It is desirable to have a device to hold open books, whether of hard or soft cover construction, and including those with perfect or oversewn bindings (or other construction by which the book does not lay flat when open), that is easily used with a single motion, is small and unobtrusive, is stored in the book and marks a page, allows the book to be stood on end, held or laid in a flat position, and is of single piece construction and inexpensive to make and therefore purchase. The present invention provides these advantages and overcomes the disadvantages of the prior art.
 The present invention is a small inflexible metal (or other material) device which straddles the opposing pages of an open book and is clipped over several leaves, on one or the other side of the book, by means of a breech and bridge to keep the device in place near the center fold, thereby holding open the book, and which remains as a mark in the book when closed. It functions on all sizes and manners of books, whether constructed with hard or soft covers, and including those with perfect or oversewn bindings.
 The present invention has only one element to be inserted within the pages of an open book, and so can be readily and easily used in a single motion with the book in virtually any position. It needs not be inserted down the spine; and takes very little force to use. It is unobtrusive and does not cover the book's text. Text or art may be put on it for advertising or aesthetics.
 The present invention, as exemplified by a preferred embodiment, is described with reference to the Drawings in which:
 FIGS. 1 and 2 show perspective views of the obverse and reverse sides of the device;
 FIGS. 3 and 4 show the device holding open a book and remaining in it as a marker when closed.
 In the Drawings, the following reference numerals are used:
 11 Straddle
 12 Breech
 13 Bridge
DESCRIPTION OF INVENTION--FIGS. 1 and 2
 The present invention comprises a frame, having a straddle plate 11 and breech 12 parallel thereto which is spaced from and spanned by a bridge 13.
 The straddle crosses the centre of an open book and is held on the open pages by the breech, inserted several leaves below, on one side or the other, and placed near the spine. The breech is parallel to and spaced apart from the straddle plate at a distance sufficient to sandwich and house several leaves between the inner sides of the breech and straddle plate. The breech and straddle plate are joined by a bridge, which spans the edges of a book's leaves so sandwiched. None of the elements move in operation or when in place: the breech and straddle do not spread apart or splay.
 The present invention may be made of thin sheet metal which can be cut or stamped and bent into the shape of the device and remain in that shape so as to keep the breech and straddle from being spread apart or splayed (by the force predisposing to some books to close, such as those made with oversewn or perfect bindings). The present invention may also be made of plastic or other material that can be moulded, extruded, cut and bent, or otherwise made into the shape and form of the device, and, stay in that shape.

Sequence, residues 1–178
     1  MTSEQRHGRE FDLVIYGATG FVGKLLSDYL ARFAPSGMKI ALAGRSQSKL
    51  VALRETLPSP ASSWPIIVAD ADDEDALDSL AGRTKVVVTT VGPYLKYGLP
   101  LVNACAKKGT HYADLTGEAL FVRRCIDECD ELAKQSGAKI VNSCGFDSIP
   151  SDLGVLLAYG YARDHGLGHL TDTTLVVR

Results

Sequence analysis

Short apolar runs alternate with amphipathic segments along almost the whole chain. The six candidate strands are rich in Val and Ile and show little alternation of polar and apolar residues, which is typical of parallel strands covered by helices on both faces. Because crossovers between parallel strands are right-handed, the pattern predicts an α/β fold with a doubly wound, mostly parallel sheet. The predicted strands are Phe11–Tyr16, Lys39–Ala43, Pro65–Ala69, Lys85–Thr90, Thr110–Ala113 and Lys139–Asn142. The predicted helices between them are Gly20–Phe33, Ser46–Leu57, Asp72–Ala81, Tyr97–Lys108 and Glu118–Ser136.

Although only a single embodiment of the present invention has been described and illustrated, the present invention is not limited to the features of this embodiment. There are various additional possibilities with regard to: the relative disposition of the bridge and breech to the straddle; the sizes and shapes of the straddle, bridge, and breech; and of the method of joining the straddle, bridge and breech (as by hinge that can lock and release the elements, for example); and of the material(s) of manufacture and texture thereof.
Operation of Invention--FIGS. 3 and 4
 The present invention is operated by (1) sandwiching several leaves of one side of an open book, top or bottom, between the straddle and breech, and (2) then sliding it so that the straddle crosses the book's centre and is held on the open pages by the breech, inserted several leaves below and placed near the centrefold. The book will then remain open because the opposing pages are held down and apart by the straddle, and the straddle is held secure from lifting by the breech which is several leaves below. The bridge joins the straddle and breech, and, the elements being inflexible and immovable, prevents them from splaying apart.
 FIG. 3 is of the present invention holding open a book.
 The book and its leaves are released for turning by lifting off the device. The book may be closed by sliding the device back away from the centre so that it is on one side only. It may so remain in the book when closed, marking the page and being ready to hand.
 FIG. 4 is of the present invention remaining in a closed book as a marker.
 The present invention has been found to function effectively with all manner of books, irrespective of construction or size, and including those that by their construction exert force to close or will not lay open (e.g. ones with oversewn or perfect bindings).
 Another feature of this invention is that text or art may be put on its face for esthetic purposes, advertisement, identification etc.